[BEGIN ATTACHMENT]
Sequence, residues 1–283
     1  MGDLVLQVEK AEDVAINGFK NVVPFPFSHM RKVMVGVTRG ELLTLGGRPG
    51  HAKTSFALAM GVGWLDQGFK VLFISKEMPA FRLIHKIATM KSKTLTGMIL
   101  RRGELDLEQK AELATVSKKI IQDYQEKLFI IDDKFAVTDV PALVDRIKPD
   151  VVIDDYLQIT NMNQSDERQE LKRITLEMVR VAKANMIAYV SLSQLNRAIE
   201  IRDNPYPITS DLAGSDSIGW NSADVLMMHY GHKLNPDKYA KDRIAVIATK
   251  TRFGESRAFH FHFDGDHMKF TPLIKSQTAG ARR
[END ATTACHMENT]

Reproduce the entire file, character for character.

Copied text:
Sequence, residues 1–283
     1  MGDLVLQVEK AEDVAINGFK NVVPFPFSHM RKVMVGVTRG ELLTLGGRPG
    51  HAKTSFALAM GVGWLDQGFK VLFISKEMPA FRLIHKIATM KSKTLTGMIL
   101  RRGELDLEQK AELATVSKKI IQDYQEKLFI IDDKFAVTDV PALVDRIKPD
   151  VVIDDYLQIT NMNQSDERQE LKRITLEMVR VAKANMIAYV SLSQLNRAIE
   201  IRDNPYPITS DLAGSDSIGW NSADVLMMHY GHKLNPDKYA KDRIAVIATK
   251  TRFGESRAFH FHFDGDHMKF TPLIKSQTAG ARR